James Madison's Montpelier We The People Fall 2013 - Page 7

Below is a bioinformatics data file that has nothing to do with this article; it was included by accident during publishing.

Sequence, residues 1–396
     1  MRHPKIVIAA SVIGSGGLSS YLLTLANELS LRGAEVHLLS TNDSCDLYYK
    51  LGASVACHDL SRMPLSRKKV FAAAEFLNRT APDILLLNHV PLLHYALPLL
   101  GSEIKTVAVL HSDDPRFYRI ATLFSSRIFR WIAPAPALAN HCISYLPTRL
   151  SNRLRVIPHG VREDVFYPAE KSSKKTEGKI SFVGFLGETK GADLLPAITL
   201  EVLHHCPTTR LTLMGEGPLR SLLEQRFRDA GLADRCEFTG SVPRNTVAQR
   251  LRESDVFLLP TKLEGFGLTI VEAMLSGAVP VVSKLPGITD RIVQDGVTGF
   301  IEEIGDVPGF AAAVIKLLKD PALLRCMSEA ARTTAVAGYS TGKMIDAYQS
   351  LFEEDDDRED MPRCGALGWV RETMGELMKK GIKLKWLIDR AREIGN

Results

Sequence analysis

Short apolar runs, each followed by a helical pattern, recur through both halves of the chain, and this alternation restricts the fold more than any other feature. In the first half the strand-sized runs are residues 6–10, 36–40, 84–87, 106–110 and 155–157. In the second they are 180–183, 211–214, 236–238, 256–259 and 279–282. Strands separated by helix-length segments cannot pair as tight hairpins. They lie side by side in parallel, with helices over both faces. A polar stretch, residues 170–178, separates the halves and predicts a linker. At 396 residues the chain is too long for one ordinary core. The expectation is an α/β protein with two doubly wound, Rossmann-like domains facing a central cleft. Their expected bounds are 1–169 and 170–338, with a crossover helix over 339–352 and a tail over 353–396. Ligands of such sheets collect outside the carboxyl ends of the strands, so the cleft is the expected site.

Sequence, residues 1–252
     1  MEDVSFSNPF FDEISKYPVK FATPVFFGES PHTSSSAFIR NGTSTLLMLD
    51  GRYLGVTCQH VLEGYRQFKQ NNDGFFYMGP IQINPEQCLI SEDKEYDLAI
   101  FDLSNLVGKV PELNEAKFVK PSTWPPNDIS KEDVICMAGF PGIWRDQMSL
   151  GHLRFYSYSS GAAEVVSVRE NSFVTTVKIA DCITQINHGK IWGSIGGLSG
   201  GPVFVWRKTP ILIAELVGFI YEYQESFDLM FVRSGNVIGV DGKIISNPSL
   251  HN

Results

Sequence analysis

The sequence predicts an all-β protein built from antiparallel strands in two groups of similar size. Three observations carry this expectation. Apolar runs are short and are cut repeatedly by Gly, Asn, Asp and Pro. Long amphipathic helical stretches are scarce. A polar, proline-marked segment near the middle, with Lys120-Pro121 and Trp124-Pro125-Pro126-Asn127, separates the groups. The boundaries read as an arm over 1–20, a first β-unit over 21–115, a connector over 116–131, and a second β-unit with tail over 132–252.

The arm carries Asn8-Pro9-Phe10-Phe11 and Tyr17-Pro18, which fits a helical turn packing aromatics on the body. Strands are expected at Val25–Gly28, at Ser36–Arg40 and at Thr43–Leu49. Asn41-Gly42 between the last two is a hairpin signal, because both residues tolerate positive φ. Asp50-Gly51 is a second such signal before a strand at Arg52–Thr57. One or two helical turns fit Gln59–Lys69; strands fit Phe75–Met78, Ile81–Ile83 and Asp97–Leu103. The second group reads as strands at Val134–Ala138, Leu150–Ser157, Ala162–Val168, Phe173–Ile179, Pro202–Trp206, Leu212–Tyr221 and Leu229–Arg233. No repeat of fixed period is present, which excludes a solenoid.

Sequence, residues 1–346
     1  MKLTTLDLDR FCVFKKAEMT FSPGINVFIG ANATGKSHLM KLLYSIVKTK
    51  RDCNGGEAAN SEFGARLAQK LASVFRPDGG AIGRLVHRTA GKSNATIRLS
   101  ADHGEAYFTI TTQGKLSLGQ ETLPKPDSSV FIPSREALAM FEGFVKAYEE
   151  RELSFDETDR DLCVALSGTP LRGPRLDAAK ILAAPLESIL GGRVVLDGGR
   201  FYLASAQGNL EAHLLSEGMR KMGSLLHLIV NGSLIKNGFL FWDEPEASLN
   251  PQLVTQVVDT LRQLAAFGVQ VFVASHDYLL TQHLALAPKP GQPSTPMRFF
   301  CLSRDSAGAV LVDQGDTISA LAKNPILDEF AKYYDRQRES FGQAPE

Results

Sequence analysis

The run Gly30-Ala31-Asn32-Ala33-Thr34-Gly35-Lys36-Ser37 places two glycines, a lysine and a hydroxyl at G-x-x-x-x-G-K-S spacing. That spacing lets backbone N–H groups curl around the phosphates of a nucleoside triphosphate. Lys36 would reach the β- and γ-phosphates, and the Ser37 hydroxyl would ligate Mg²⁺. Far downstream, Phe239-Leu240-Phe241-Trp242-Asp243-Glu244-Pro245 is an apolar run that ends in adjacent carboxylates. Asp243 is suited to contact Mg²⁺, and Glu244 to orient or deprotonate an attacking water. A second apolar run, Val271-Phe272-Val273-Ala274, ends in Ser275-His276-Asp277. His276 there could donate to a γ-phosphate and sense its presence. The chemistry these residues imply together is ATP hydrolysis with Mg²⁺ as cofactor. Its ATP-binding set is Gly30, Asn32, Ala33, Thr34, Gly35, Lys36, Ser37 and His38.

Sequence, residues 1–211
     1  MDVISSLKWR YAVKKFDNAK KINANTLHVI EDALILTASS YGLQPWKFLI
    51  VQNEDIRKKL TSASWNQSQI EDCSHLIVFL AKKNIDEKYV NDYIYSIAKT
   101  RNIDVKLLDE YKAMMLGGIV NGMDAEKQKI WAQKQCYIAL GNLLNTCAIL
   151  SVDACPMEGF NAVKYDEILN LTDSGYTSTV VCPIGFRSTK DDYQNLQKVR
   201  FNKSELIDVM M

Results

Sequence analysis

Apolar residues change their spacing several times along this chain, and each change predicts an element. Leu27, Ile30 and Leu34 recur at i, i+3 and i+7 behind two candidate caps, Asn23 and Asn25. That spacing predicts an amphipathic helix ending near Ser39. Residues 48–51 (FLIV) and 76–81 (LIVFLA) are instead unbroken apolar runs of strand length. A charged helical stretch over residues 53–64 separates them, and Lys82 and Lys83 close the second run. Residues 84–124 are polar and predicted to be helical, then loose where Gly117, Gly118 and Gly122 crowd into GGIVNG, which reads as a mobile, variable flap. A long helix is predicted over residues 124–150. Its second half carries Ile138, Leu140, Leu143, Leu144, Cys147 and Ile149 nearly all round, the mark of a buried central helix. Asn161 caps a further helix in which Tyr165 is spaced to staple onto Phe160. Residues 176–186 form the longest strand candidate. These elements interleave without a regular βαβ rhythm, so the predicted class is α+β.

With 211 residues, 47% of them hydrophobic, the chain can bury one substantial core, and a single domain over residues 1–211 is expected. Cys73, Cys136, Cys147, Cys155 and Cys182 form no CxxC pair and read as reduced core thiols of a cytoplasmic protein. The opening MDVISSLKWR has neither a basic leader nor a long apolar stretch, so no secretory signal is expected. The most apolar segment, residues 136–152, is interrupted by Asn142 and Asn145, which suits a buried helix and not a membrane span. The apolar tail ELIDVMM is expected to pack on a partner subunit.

By 1786 the American experiment with self-government was on the verge of failure. The U.S. government under the Articles of Confederation was too weak to accomplish the most basic governing functions. The state governments, increasingly in conflict with one another, were incapable or unwilling to maintain internal order and protect individual rights. A mere decade after independence, the spirit of the American Revolution had given way to fears of disintegration. America desperately needed to be reunified under a common cause. In this same year, a 35-year-old James Madison stole away to Montpelier with hundreds of books collected over many years of study. In the quiet recesses of his family home, Madison took it upon himself to find a way to save the young United States from ruin. In search of a solution to his country’s problems, Madison grappled with one of the most enigmatic questions of all time: how can a nation sustain liberty without sacrificing order and justice? In the quiet recesses of his family home, Madison took it upon himself to find a way to save the young United States from ruin. Towards this goal, Madison critically examined over the course of just a few months more than 2,000 years of political thought. With his mind filled with the history of confederacies and the ideas of political geniuses from Plato to Locke, Madison spent much of the next year traveling and rallying support for the proposed Federal Convention in Philadelphia, including an important visit with George Washington at Mount Vernon where he convinced the famous general to attend the convention. Before Madison arrived in Philadelphia in May 1787, he had a diagnosis for America’s ills. t h e g r e at e s t c h a l l e n g e t o d e m o c r a c y: “ T h e p e o p l e t h e m s e Lv e s ” In Vices of the Political System of the United States, a memorandum he wrote in April 1787 as part of his preparation and study, Madison concluded that the root cause of America’s difficulties was “the people themselves.” That is, Madison was concerned about the tendency of people to form factions—special interest groups opposed to the rights of others. Madison discovered the source of the American Confederacy’s disorder in the depths of human nature. Madison discerned that the inherent flaw in all past democracies was the constant threat of the tyranny of the majority who would act out of “apparent interest or common passion,” uniting against the rights and interests of the minority or individuals. Ironically, Madison’s solution to this problem was more factions—more interests, more opinions competing with one another, counteracting one another, and resisting the formation of a tyrannical majority. He theorized that the immense size of America would be a barrier to the formation of a majority faction. In what he called an “extended republic,” a central government would represent the diverse interests of the people, thereby reducing the likelihood of majority factions and keeping the gov